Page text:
One of the really interesting aspects of Jarossi's book is just how dilapidated, poor, white and Irish much of London was at the time. Even Notting Hill - now a haunt of the super-rich - was a squalid den of low-rent vice, and the dolled-up terraced houses that now sell for well over £5m were crammed with a mixture of the respectable poor and a cast of characters straight out of a Dickensian rookery. Most of the Ripper's petite victims (the tallest was 5ft. 3ins.) were from somewhere else - Scotland, Wales, Ireland, The North. They led chaotic, heavy-drinking, amphetamine-guzzling lives in slummy rented rooms, usually shared with some scuzzy "boyfriend" or other, who was often a heavy-drinking alcoholic Irishman. They sold their bodies for a pittance - £1 or £2 - and, in their spare time, hung around pubs, cab shelters, late-night jazz clubs and crappy cafés, scrounging drinks and small loans. They were arrested and charged regularly, gave a variety of false names, paid their fines, and were back on the street the same night. When they got in trouble (i.e. up the duff), and couldn't afford a backstreet abortion, they often headed for home, sprogged, and left the baby with their parents/grandparents, or put it up for adoption, before immediately returning to what a sensational book at the time dubbed "Jungle West 11". Every one of them were missing some teeth (mind you, this was when 37% of the adult population wore dentures). From their police photos, none of them were overly attractive: whatever girlish bloom they once possessed had long vanished, and their eyes and mouths were cold, dead, disappointed, resigned.

Anyone hoping for a hint of seedy glamour - the sort of frisson one is apparently supposed to get from reading Colin MacInnes's accounts of low-life Soho in the '50s and early '60s - will be sorely disappointed: it all sounds absolutely ghastly. The parts of London described in Jarossi's book have changed beyond recognition in the half century since the murders: by no means all of those changes are welcome (unless you're particularly keen on bankers or rich Arabs) - but reading about the Nude Murders leaves one feeling that any change would have been an improvement.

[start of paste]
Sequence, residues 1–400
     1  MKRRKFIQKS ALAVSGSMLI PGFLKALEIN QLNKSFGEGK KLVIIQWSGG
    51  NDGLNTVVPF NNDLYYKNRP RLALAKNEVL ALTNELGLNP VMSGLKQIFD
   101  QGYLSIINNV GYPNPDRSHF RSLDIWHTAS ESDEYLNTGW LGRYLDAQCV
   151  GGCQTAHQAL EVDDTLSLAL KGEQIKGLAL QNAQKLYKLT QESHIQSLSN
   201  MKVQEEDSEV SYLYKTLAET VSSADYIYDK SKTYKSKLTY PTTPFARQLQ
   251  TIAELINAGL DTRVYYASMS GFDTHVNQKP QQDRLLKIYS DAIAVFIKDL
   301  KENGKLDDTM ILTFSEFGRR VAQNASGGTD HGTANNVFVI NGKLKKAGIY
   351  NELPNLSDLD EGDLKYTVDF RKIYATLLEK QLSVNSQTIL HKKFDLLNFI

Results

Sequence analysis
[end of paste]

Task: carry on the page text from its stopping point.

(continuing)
Whenever prostitutes are murdered, the police are criticised for not taking the crimes seriously enough and for not devoting enough resources to the hunt for the perpetrator - but their response to the Jack the Stripper killings couldn't have been comprehensive. As they say, "no stone was left unturned" - which is one of the reasons the investigation failed to catch the murderer. (I'll look at that in my next post.)

A final observation - one of things which made Jarossi's book such interesting reading for me is that I know so many of the places mentioned in it. For instance, we went for a (very wet) walk in Dukes Meadows just a few weeks ago. Berrymede Road, where one of the victims was dumped after the killer had been disturbed by two decorators while trying to offload the body behind the ABC Cinema in Chiswick High Road early one morning, is just around the corner. I used to cycle down to Corney Reach and pass the Corinthian Sailing Club landing stage on Upper Mall - two more body dump sites - every day. My mother and brother lived in separate flats in Westbourne Terrace on the Bayswater/Paddington borders, and I eventually bought a flat there as well: I knew Queensway and Notting Hill fairly well. I worked in or near Shepherd's Bush for fifteen years. The body of the penultimate victim, Frances Brown, was left in a car park in Hornton Street (where Kensington Town Hall is now situated), just around the corner from a flat I shared with a girlfriend for several years. (Before anyone thinks about calling CrimeStoppers, I was 11 at the time of the murders, wouldn't learn to drive for another 16 years, and I was living in Wimbledon.)

4 comments:

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    1. Oh God, don't encourage the police - next thing you know, they'll be telling us it was him and Harvey Proctor!

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  2. Ah, you may not be having your collar felt just yet.However,I put it to you Mr Gronmark would you know of anyone, anyone at all who may have been working or studying in your vicinity?
    Someone say seven or eight years your senior.
    Someone who occasionally jogged at twilight under the pretence of getting fit for some team sport or other. Someone who would by necessity - the better to go about his ghastly business - wear dark clothing;the fashion then was for polo sweaters usually black.
    Perhaps that someone's mind had been corrupted by listening to American jazz. Was it not Thelonius Monk who cut "Around Midnight?"
    I rest my case.

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    1. That thought hadn't actually occurred to me, southern man. But now you mention it, I think I might have to drop a line to Police Scotland, just in case.